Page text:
- Students use alternative art materials for one-night-only exhibition June 18
- Digital Media wins national prize for TEDxBirmingham video
- Trip to New York brings national attention to Birmingham renaissance
- Clothes that work for new grads hitting the market
- Hagel emphasizes leadership to Naval Academy graduates
- Birmingham Chosen To Host 2015 C-USA Basketball Championships
- On The Money: How new graduates can take on the job market
- Canvas unrolled for new school year
- Tornadoes Leave Trail of Devastation (Photos)
- Campus closes early Tuesday due to severe thunderstorm
- Alabama does a double take: ‘Urinetown: the Musical’ hits home twice
- A+ Performance by Legend
- UAB Women’s Softball defeat Charlotte 49ers (8-0)
- A Fun and Fluffy Study Break In Lister Hill
- UAB Earth Month Festival
The shot no one wants to make
The American Diabetes Association is hosting its annual “Alert Day” this Tuesday, March 26. Alert Day is an event to spread awareness about diabetes and to help people learn their risk for developing type 2 diabetes.
Although Alert Day occurs only once a year, the Diabetes Risk Test is available year around. The user-friendly test asks people to answer simple questions regarding risk factors, such as weight, age, family history and other potential risk factors for prediabetes or type 2 diabetes.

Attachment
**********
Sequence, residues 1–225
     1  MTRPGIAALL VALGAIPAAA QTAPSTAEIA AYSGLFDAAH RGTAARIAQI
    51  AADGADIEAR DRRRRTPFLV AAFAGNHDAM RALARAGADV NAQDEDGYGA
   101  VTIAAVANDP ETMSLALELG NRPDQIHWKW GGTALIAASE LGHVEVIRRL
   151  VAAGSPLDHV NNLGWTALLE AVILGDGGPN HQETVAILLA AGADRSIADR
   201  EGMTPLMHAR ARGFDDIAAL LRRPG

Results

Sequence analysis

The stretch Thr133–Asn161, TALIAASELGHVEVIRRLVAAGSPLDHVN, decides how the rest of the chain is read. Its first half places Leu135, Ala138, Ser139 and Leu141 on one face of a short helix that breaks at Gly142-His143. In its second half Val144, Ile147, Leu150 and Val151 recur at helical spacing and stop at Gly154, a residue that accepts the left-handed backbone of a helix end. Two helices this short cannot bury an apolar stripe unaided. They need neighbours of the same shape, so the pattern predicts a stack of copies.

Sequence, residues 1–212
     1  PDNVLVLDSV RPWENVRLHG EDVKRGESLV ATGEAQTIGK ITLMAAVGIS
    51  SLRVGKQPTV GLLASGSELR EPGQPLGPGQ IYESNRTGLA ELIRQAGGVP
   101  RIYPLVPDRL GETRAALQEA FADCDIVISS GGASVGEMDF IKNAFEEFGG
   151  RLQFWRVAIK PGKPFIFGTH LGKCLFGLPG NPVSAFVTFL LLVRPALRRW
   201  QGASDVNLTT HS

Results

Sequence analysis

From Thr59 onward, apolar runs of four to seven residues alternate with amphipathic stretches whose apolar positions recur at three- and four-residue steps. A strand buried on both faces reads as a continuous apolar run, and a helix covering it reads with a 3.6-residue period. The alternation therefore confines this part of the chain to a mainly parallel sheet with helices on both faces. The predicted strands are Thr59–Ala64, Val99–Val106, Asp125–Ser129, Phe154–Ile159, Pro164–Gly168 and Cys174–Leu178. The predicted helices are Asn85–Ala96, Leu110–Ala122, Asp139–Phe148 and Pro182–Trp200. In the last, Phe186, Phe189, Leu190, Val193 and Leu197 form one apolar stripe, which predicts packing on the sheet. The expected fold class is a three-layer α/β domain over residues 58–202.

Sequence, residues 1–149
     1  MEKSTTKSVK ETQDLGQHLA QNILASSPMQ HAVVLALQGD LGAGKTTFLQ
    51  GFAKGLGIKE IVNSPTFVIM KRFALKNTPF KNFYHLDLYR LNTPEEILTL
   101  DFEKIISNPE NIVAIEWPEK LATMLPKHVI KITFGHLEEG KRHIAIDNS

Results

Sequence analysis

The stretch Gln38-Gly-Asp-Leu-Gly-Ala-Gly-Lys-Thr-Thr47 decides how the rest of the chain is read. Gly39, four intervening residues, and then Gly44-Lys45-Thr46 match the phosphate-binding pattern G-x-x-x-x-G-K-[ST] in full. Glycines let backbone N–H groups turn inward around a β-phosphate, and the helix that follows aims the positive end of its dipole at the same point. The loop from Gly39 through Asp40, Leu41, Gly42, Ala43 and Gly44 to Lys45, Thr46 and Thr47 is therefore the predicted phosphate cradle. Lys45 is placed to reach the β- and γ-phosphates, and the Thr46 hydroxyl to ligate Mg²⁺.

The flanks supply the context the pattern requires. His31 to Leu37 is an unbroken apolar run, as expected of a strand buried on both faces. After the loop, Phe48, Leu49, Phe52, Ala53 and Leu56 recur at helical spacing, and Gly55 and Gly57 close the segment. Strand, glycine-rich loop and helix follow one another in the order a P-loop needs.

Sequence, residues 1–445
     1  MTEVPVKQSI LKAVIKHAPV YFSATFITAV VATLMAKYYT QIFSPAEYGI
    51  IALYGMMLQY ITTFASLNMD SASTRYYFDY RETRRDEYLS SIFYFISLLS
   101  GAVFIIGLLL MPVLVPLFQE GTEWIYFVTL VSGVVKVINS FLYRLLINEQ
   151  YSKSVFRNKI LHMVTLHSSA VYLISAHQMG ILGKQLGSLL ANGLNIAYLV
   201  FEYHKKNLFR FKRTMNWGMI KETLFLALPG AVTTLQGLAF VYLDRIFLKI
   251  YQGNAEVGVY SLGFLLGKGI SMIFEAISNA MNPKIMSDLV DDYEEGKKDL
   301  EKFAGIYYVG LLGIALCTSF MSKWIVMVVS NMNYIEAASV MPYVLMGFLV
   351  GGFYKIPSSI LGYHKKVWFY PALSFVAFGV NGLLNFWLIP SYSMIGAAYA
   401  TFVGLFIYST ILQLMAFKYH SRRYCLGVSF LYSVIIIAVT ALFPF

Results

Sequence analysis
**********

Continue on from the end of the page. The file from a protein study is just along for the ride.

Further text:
The test provides encouraging news for those who are at high risk and recommends those individuals to talk to their health care provider. It also provides heath advice for everyone who takes the test.
The test can be taken and posted on Facebook to provide more awareness to the disease.
Alabama leads the nation with 12.2 percent of the state inflicted with diabetes. It is the sixth leading cause of death for Alabamians, as well. Type 2 diabetes, previously called adult-onset diabetes, is not a genetic disorder. It is the most common form of diabetes, and many people are unaware that they are at high risk. Some groups have a higher risk for developing this type of diabetes than others.
In type 2 diabetes, either the body does not produce enough insulin or the cells ignore the insulin that is created. Insulin is necessary for the body to be able to use glucose for energy.
Insulin takes sugars form the blood into the cells. When insulin can’t be used properly, the glucose builds up in the blood instead of going into cells and can lead to diabetes complications.
There are an estimated 79 million or one in three American adults, who have prediabetes. Those with prediabetes have blood glucose higher than normal but not high enough to be diagnosed with type 2 diabetes.
Type 2 diabetes is preventable through a healthy lifestyle. A change of diet, increase levels of physical activity and maintaining healthy weight will reduce risks of type 2 diabetes.
The American Diabetes Association is a national organization working to fight the consequences of diabetes and to help those affected by diabetes. 28 physicians founded the ADA in 1940. The Association funds research, publishes scientific findings, provides information and other services to people with diabetes, their families, health professionals and the public.
The Diabetes Risk Test. Take it. Share it. http://stopdiabetes.com/